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Indybay FeatureRelated Categories: California | East Bay | San Francisco | U.S. | Global Justice and Anti-Capitalism | Police State and Prisons
New article from FireWorks, a "bay anarchist counterinformation project" about the new google glass barge and its implications.
A spate of light investigation from the mainstream media in early November indicates that the mysterious barge under construction near Treasure Island in the San Francisco Bay is actually a floating Google Glass store. Google has been extremely secretive about the barge, but a spokesperson earlier this month delicately called the project an "interactive space where people can learn about new technology."
According to KPIX: “A source who has been onboard the vessel…told KPIX 5 the first three floors are designed to serve as “dazzling showrooms”…There is an upper “party deck” meant to feature bars, lanais and other comforts so Google can fete its upscale customers.”
As defined by Huffington Post contributor Cassie Goldring in July, Google Glass is a “wearable computer, with a headmounting display…that can interact with the internet via language voice commands.”
She goes on: “This device takes experiencing reality through a technological medium to a new level. Google Glass is an external technological tool…However, it is only a matter of time before Google Glass-type devices take the form of mechanisms that are physically incorporated into our bodies much in the same manner as glasses evolved into contact lenses.”
It didn’t take long to find other sources around the Internet worked up about Google Glass. A website called Stopthecyborgs.org encourages readers opposed to the head-mounted devices to “Write your political representatives”, “Politely ask users to remove their device” and “Download our ban signs and make your property a surveillance free zone… as a way of exerting social pressure to establish norms against usage”. This last suggestion is by far the most interesting- these perfectly dystopian posters wouldn’t look out of place in an old science fiction movie. The site is also host to an erratically updated anti-tech/anti-cyborg newswire, with a political bent you could describe as “Anti-Cyborg Libertarian”.
The Technical Lead and Manager of Project Google Glass is Thad Starner, a Professor at Georgia Technical College of Computing. A short biography on MIT’s website claims that he was inspired to develop Glass by– wait for it– The Terminator. Aside from numerous degrees and a PhD, he also boasts of sporting “wearable computers” for over twenty years. Not to be undone, Steve Mann, a Professor at the University of Toronto, has declared himself “The First Human Cyborg”. He’s waxed poetic in interviews on “The Silicon Brain of the Mind Mesh”, and looks towards a world in which humanity “embraces prosthetic minds”. Mann rocketed to infamy earlier this year, after he was attacked inside of a McDonald’s in the Champs-Elysee district of Paris. The fast food chain’s employees tried to rip a head-mounted computer off of Stevie’s face after he refused to remove it when entering the restaurant. Unsurprisingly, Mann’s next two moves were to piss his pants and run to the police for help.
Mann’s sweet revenge came later, on his blog. He hypothesizes several difficult “Scenarios” faced by aspiring cyborgs, all of which lead to tantalizing questions like “If he decides to be a crusader for the right to openly use his camera…who should bear the cost (legal, etc.) of him doing so?” and “How can the wrongs committed against Allan be redressed?”. The dangerous thing about Mann is that not only is he at the forefront of developing head mounted surveillance technologies, but he’s also deeply invested in a rhetorical push to garner legal protections and social acceptance for the coming wave of computer-faced techy types; A slew of puff pieces in business friendly periodicals and the recent Vogue photo shoot with Google Glass serve to do the same.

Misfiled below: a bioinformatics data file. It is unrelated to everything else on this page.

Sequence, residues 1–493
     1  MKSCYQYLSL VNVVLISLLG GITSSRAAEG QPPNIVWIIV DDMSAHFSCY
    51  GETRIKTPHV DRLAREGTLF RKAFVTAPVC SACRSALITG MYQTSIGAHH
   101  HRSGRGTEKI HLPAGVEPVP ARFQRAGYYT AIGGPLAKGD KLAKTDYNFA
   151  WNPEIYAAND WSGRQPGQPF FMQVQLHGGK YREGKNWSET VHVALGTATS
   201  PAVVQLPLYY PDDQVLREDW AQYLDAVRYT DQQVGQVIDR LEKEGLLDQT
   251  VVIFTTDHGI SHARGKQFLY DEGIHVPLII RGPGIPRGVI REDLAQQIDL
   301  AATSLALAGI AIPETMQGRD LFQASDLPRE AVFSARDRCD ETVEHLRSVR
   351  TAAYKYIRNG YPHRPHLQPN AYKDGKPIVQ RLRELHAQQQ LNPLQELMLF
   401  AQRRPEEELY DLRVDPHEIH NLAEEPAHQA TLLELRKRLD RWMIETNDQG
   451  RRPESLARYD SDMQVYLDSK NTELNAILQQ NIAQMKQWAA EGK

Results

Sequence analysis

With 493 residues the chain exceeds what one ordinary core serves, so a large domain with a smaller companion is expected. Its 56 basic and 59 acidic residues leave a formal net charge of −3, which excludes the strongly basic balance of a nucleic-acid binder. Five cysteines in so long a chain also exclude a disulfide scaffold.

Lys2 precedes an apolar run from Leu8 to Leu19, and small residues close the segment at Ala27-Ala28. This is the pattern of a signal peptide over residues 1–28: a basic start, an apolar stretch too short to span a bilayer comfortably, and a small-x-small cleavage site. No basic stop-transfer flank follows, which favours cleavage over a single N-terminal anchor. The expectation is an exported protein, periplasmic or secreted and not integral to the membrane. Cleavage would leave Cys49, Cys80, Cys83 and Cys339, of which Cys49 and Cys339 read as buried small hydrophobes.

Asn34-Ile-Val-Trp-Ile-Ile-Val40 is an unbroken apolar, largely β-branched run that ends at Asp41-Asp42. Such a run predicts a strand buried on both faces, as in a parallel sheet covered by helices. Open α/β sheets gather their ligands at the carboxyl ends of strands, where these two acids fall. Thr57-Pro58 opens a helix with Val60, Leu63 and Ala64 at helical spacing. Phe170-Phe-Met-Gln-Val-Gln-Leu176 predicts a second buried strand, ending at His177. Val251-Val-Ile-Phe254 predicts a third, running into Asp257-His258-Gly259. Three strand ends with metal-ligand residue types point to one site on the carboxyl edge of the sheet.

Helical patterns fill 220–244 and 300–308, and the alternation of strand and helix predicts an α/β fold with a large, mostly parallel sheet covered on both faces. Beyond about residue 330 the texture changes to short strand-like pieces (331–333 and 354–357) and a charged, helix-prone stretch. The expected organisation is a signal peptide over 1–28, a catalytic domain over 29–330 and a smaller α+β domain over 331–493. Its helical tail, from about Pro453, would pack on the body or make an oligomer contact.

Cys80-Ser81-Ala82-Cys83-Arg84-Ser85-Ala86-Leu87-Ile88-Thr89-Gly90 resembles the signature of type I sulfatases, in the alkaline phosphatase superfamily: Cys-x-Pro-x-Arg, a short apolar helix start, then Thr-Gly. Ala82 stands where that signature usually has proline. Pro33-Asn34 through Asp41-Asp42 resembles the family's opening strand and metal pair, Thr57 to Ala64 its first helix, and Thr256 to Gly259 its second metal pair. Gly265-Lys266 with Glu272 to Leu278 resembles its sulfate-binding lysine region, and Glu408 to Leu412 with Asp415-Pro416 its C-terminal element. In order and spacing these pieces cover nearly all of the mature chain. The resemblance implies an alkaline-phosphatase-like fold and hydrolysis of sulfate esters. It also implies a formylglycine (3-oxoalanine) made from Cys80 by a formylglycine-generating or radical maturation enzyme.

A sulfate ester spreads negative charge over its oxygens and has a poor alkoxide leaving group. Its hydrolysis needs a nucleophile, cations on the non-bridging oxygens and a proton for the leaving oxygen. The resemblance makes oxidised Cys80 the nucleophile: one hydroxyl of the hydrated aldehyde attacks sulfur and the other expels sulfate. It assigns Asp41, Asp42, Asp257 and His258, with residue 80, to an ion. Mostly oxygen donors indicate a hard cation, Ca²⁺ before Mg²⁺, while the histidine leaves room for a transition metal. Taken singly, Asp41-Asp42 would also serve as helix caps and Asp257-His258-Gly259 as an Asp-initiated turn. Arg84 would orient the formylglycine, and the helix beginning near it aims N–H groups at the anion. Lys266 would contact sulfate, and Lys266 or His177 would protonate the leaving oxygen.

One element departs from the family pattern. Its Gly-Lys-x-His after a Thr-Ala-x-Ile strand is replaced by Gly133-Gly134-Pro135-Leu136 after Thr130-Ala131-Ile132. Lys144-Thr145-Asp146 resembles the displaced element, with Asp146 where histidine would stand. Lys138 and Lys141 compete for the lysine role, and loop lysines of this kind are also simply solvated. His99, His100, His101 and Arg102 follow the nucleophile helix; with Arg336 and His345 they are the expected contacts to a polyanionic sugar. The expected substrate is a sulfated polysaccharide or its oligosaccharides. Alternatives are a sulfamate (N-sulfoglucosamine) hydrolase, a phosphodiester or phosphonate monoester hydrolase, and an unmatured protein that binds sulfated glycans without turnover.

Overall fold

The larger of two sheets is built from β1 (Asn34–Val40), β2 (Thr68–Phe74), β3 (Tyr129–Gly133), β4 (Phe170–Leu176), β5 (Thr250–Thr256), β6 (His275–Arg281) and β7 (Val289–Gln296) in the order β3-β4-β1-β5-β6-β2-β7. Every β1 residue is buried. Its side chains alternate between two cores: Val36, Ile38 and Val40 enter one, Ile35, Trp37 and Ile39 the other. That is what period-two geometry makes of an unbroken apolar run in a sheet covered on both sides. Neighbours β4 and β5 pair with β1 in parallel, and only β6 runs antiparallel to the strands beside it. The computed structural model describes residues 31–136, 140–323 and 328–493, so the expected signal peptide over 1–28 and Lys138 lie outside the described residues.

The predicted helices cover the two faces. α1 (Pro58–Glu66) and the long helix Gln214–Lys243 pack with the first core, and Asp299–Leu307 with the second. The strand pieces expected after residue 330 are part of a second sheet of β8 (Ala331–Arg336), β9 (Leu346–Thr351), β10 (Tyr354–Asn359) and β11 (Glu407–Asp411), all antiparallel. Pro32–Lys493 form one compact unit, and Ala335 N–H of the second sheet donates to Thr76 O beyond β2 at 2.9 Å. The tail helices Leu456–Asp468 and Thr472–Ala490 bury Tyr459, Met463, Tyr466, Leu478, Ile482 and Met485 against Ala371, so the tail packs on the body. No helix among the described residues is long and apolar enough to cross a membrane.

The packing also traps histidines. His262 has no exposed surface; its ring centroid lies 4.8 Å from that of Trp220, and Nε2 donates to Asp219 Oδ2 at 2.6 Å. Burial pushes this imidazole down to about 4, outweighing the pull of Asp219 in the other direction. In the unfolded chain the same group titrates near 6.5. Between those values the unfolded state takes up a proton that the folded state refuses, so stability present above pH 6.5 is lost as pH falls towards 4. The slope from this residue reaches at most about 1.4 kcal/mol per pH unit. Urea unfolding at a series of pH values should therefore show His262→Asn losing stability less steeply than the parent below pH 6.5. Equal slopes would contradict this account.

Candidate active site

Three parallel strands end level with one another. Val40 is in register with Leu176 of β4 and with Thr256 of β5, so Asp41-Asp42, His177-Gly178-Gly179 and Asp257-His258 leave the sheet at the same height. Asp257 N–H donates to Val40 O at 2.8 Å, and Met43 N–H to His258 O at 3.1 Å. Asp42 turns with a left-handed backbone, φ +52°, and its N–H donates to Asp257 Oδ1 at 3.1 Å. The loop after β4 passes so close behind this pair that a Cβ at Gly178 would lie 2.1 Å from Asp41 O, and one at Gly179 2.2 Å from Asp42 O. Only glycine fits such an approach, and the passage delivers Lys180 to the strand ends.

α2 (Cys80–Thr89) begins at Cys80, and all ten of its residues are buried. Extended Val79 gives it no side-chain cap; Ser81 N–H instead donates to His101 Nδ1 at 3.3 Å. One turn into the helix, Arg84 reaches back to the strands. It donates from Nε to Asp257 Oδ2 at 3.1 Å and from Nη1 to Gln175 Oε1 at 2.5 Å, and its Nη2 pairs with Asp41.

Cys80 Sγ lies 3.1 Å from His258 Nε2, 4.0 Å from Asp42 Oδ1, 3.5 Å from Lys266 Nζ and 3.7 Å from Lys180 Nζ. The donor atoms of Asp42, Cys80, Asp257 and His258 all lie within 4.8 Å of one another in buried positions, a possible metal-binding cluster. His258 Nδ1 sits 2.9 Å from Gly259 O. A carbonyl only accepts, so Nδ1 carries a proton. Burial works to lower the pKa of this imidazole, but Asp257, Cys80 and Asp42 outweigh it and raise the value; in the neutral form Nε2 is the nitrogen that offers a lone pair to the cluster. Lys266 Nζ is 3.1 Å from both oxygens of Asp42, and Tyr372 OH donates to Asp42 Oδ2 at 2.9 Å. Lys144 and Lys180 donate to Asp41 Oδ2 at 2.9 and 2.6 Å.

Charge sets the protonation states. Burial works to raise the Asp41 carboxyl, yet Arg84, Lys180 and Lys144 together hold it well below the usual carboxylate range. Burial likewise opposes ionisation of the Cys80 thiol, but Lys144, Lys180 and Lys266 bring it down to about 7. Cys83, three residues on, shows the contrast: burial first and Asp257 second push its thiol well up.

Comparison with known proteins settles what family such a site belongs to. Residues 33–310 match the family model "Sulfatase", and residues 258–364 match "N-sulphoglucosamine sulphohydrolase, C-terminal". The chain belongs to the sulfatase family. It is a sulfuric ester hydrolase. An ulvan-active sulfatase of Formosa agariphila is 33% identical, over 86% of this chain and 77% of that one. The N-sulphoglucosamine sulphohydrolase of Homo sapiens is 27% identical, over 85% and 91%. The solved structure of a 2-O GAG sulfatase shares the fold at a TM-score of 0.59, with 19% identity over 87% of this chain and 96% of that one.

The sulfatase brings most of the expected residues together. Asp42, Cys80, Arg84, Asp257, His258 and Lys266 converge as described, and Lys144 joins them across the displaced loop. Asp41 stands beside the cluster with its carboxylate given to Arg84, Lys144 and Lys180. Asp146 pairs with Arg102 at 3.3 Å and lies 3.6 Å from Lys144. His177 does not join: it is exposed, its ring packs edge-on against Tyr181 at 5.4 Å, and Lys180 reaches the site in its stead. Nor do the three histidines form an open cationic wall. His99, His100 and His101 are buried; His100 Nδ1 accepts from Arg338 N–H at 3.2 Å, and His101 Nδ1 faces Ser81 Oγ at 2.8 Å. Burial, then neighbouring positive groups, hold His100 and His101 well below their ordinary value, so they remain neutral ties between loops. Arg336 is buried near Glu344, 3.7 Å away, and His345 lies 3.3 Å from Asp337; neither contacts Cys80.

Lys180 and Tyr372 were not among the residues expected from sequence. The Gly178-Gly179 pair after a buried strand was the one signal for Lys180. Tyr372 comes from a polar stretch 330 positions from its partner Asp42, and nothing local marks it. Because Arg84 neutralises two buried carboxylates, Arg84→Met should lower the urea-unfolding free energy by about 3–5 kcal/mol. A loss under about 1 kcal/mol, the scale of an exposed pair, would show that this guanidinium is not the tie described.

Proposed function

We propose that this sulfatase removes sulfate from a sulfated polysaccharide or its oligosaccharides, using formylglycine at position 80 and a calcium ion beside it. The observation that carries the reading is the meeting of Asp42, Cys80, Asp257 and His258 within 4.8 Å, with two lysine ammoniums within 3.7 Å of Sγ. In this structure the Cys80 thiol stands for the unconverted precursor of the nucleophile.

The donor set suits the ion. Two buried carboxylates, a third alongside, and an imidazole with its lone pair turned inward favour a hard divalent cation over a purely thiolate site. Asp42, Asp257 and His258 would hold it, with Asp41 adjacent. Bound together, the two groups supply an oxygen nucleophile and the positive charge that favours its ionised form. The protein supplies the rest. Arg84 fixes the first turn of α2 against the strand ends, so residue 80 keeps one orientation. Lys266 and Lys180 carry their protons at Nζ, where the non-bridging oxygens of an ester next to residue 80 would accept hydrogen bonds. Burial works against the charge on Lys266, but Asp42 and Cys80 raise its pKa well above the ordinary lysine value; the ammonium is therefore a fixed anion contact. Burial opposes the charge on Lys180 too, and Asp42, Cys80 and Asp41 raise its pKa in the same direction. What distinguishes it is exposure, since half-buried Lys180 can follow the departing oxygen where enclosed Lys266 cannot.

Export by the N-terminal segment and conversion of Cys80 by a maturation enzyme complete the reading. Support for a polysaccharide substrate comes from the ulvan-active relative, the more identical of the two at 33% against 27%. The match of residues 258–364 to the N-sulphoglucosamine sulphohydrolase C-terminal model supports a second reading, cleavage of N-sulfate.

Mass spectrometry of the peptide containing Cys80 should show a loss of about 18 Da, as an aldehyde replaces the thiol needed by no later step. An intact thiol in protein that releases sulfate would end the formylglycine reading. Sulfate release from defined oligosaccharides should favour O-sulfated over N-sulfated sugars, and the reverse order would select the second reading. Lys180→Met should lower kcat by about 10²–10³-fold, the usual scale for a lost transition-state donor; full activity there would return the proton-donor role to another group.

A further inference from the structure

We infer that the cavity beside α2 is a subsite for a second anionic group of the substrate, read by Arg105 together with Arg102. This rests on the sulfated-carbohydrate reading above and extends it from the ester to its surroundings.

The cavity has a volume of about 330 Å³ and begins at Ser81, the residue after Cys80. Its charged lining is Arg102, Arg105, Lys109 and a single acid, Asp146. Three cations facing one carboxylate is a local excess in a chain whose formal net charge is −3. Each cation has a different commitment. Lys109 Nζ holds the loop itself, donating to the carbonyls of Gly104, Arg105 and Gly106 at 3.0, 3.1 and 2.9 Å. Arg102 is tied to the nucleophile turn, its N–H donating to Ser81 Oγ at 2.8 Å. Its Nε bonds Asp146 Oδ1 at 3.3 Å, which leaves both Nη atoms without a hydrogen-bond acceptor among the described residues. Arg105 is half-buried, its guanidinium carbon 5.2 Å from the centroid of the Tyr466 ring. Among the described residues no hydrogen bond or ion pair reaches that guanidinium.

So as the bell of evictions and gentrification rings out from San Francisco to San Leandro, Google builds a luxury barge for slinging thousand dollar computers that rich people can wear on their faces. Any questions? No wonder they tried to keep this project under wraps so fiercely! The Google Barge isn’t likely to be docked in San Francisco Bay long : after its completion, its easy to imagine the Traveling Google Store on tour, visiting harbors of international cities with wealthy clienteles eager to try their latest gadgets. Nor is it hard to picture Google floating the vessel in international waters, far out of sight from the little people who can’t afford helicopter rides to shop for new Augmented Reality headsets.
A recent cover story from The East Bay Express suggests “Oakland is the robbery capital of America”, citing an upswing in smartphone thefts linked to “the expanding global market for stolen electronics”. This is not a difficult phenomenon to understand- the San Francisco Bay is home to massive inequalities between its richest and poorest residents, the latter of whom are being displaced on an unprecedented scale. The wealthy techies who sport luxury objects like the Iphone 5s are prime examples of “conspicuous consumers” who fuel resentment of the gentrification transforming the Bay. Wearable computers like Google Glass will only exacerbate the backlash.
How long before pigs in the street are outfitted with their own version of Glass? How long before they can use their head-mounting computers to identify parole violators and folks on the run simply by looking in their direction? And is it really such a stretch to imagine Glass evolving into wearable contact lenses, like Cassie Goldring suggests? If the attack on Cyborg Steve Mann in Paris is any indicator, there’s reason to believe that there will be fierce resistance to these dystopian developments: a Glass War in the making.